Abigail Ardelle Zammit was born in Malta and has been writing poetry since the age of eleven. Although her first verses were in Maltese, she now writes solely in the English language. In 2005 Abigail obtained a Masters in Creative Writing from the University of Lancaster, following which, Voices from the Land of Trees, which takes its inspiration from Guatemala’s violent past, was published by Smokestack (UK, 2007). The poet Graham Mort describes her first collection as “a visceral and moving work. Angry and compassionate, Zammit’s own voice discovers an excoriating yet redemptive timbre, confronting oppression and suffering whilst remaining true to moral complexity and ambivalence.”
In the last few years, Abigail has had poems published in a number of British and Canadian journals including Magma (shortlist 2017), The SHOp, Orbis, Aesthetica, Freefall, Markings, Myslexia (the poem ‘Mġarr, 1940’ was a finalist in a competition judged by Jo Shapcott), Iota, the Peleton anthology as well as the online journals Drunken Boat, Ink, Sweat and Tears, Atelier and Golden Walkman. In 2013 Abigail won the Alan Sillitoe Poetry competition judged by George Szirtes. http://www.sillitoe.com/1st-prize-abigail-zammit/. Two years later, two of her poems were shortlisted and longlisted in the Poetry on the Lake competition judged by Robert Minhinnick. The same year, the poem ‘Sleeping Woman, Jilted’ was longlisted in the Montreal International Poetry Competition. http://montrealprize.com/wp-content/uploads/2015/08/Sleeping-Woman.pdf. In June 2017, two of Abigail’s poems were chosen as joint first prize winners in the Tools for Solidarity Poetry Competition (Belfast).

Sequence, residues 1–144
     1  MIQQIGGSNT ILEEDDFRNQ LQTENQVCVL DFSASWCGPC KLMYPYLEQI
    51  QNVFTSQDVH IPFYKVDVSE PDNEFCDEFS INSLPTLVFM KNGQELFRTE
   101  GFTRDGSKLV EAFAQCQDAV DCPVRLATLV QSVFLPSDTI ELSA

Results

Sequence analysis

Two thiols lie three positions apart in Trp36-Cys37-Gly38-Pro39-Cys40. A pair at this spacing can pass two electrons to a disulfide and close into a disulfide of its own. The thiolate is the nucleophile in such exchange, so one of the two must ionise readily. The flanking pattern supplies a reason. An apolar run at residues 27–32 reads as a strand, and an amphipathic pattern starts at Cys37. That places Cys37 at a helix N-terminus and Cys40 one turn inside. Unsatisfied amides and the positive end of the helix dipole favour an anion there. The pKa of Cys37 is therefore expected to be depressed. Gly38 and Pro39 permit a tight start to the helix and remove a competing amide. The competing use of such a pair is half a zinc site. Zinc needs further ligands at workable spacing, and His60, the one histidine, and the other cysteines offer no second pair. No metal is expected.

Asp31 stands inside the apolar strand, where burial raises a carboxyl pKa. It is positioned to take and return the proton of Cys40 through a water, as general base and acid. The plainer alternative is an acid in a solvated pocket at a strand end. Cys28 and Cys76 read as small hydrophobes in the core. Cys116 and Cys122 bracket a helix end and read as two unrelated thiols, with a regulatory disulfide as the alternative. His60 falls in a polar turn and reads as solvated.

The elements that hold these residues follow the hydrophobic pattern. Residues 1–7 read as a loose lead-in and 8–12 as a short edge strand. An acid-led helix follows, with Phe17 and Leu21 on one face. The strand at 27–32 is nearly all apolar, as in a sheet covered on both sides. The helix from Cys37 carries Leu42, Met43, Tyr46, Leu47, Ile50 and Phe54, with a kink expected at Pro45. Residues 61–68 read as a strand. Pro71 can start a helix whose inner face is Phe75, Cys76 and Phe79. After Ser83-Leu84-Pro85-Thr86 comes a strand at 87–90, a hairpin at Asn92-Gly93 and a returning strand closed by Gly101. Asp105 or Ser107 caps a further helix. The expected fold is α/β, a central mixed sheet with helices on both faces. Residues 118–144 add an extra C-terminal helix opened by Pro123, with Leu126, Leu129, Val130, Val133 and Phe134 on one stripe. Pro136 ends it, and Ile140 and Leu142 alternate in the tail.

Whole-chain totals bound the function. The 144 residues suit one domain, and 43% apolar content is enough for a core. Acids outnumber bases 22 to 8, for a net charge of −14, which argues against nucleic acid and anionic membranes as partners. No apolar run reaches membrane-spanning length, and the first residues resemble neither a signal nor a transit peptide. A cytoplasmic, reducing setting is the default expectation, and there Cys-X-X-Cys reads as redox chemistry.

In December 2015, Abigail won second prize in the Sentinel (UK) Poetry Book Competition and consequently, her second collection, Portrait of a Woman with Sea Urchin was published and launched in London in December 2015. The judges Andy Willoughby and Bob Beagrie described Portrait of a Woman with Sea Urchin as “a sensual and passionate collection” which “makes the language sing. The poet shows a keen eye for focused detail that moves beyond mere picture-making into layers of symbolism and metamorphosis. Abigail A Zammit displays a capacity for speaking through masks, shifting personae without losing a coherent sense of voice.” Abigail believes that through its recreation of place, memory and desire, her most recent collection has allowed her to explore the relationship between text, body, landscape and coastal geographies.
Abigail holds a PhD in Creative Writing (Lancaster, UK), is a lecturer in English at the G.F. Abela Junior College and Visiting Lecturer in Creative Writing at the University of Malta. She has had workshops with various British poets and in October 2015, she participated in a British Council project called ‘Walking Cities’ with the Next Generation Poet Hannah Lowe. Most recently, she was one of the guest poets at the Inizjamed Mediterranean Literature festival which takes place in Malta every summer. The collaboration with other writers gave rise to an interest in translation which has led to the publication of two bilingual pamphlets.